The ‘Boss Hogg’: beef dog, chorizo, onions, red pepper sauce – mmm savoury goodness!



‘The Mexican’ – beef dog, guacamole, cheese, hot sauce, beans, peppers, onions – arriba!


Spot the dawg:



I’ll be back soon to try the ‘Snoop Dog’, ya dig…

The Dogfather
North Cross Road Market
East Dulwich
SE22 9EV

Sunday, 2 October 2011

Brixton market: revitalised!

I have a real fondness for Brixton and its outdoor and covered markets. When I was a penniless freelancer for a number of years, I used to traipse there on the bus and spend an hour or two rootling among the fruit and veg stalls for my weekly shop, grabbing great bargains and soaking up the sounds of booming reggae and dancehall from various shops, wandering the covered arcades and soaking up the diversity of the produce – tiny colourful booths selling anything from giant piles of soap and Brillo pads, to a shop selling nothing but wigs, and others selling yams and African land snails. There was – and still is – a shop that terrifies and fascinates me in equal measure – it sells religious items and accessories for what I can only guess to be black magic rituals – black wax heads, spells, pungent smelling unguents in bottles. I once bought a friend a Virgin Mary candle there as a present, and we fell out irreparably about a year later – but that’s another story…

As much as I loved my trips to Brixton in those days (we’re talking about five-ish years ago) there was something a little mournful about it. The arcades were often empty of people during the week, and many shops spaces were unoccupied. I would trudge around the corridors sometimes feeling a bit forlorn, feeling sad at the sight of so many unused shop spaces and closed down businesses.

But all that has changed…a few years ago, the legendary pizzaria Franco Manca set up in the Market Row arcade, and before long people were queuing round the block to get their teeth into their amazing pizzas. Rosie’s Deli Cafe was turning brisk trade in fantastic home cooked seasonal lunches, great deli produce and coffees. A few new shops and cafes opened nearby, continuing the trend, and soon there was a sense of regeneration in the markets. Then an organisation called ‘Space Makers’ saw the potential in the arcades’ empty shop spaces and decided to pave the way for small businesses setting up shop here for low rents, and the transformation has been really positive, especially for those that like eating! There has literally been a food revolution, with what seems like about 15 new restaurants and cafes opening here…and I have been to taste a little crumb of it. Now that the arcades are open on Thursday and Friday evenings until 10pm, it’s a great place to come and hang out – why not have a main course at one place, dessert at another, and coffee somewhere else?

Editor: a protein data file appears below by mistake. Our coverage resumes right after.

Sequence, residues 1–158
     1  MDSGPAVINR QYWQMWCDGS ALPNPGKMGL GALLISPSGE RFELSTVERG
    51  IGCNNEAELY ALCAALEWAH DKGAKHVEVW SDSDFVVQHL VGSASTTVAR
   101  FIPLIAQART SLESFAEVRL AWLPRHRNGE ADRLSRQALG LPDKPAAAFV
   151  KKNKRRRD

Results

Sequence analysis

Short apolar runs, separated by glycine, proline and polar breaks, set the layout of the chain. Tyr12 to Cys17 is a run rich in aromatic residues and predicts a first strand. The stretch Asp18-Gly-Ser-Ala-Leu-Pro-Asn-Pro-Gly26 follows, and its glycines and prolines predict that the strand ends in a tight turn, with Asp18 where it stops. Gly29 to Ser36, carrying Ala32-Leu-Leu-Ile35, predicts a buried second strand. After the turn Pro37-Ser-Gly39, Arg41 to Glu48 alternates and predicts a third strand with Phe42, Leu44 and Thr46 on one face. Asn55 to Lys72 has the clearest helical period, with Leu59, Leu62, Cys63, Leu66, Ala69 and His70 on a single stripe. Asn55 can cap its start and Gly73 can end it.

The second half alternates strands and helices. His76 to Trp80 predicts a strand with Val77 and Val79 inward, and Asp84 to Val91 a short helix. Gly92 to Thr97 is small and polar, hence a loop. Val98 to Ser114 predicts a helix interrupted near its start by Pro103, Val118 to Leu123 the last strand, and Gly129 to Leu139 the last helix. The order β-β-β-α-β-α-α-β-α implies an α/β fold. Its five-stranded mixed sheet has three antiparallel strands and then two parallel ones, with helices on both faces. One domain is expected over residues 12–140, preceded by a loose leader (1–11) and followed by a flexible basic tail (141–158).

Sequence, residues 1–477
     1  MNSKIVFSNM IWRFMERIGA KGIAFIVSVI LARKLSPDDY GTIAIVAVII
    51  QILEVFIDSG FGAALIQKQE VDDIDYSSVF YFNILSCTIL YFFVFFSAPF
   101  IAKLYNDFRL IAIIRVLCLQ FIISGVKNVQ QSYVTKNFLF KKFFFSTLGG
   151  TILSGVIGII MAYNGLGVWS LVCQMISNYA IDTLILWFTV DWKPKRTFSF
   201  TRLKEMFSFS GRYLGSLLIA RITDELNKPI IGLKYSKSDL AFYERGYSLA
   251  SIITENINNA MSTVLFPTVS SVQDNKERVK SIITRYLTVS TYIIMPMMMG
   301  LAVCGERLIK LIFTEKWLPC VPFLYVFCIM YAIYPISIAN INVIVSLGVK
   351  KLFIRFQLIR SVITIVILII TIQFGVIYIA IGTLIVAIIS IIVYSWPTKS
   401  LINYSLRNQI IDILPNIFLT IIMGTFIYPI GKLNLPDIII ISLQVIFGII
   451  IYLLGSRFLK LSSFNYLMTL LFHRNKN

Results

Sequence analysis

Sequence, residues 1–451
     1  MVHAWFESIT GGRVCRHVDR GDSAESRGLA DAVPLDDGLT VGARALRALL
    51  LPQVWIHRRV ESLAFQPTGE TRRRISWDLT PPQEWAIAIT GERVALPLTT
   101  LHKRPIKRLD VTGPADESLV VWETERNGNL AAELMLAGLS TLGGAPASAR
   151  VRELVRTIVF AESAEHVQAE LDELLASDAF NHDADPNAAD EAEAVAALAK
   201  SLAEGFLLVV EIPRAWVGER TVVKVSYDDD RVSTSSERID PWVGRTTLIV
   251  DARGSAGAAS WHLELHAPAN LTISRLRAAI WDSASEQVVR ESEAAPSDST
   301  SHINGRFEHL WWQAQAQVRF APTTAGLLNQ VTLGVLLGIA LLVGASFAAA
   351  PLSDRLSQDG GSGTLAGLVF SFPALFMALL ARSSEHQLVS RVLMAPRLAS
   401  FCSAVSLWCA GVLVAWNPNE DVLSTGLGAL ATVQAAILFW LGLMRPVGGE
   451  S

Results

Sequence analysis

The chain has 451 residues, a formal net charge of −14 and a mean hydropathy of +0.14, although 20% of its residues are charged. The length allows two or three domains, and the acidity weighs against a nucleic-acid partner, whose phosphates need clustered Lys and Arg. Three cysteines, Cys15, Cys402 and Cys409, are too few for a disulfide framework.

Cornucopia restaurant – tasty British produce cooked seasonally and with skill. Daily changing menu, and you sit on hessian cushions at rustic trestle tables and eat off enamelware – rustically trendy, but not annoyingly so, and the staff are really friendly:


White onion soup with truffle oil:


Chicken liver pate with fruit jelly and toast:


John Dory with mussels and clams:


Pork belly:


Sticky date pudding with cream:


Saffron pear with pistachio cake:



Pizzas at Franco Manca – total perfection and very addictive:



Get your caffeine fix at Federation Coffee:



Ice creams from Italy and Argentina opposite Franco Manca pizzeria – the mango and passion fruit sorbets are to die for:


The arcades come to life in the evenings:




I’m hoping to go back soon to try Mexican, Thai and Columbian food – and I also spied this great looking burger place too:


There are also cake stalls, an old-fashioned sweet shop, a sourdough bread bakery, cool little boutiques selling vintage wares and jewellery, and more. No excuses not to get your booty down here!

- Space Makers and the Brixton Village project – read all about it.

- More info on Brixton Village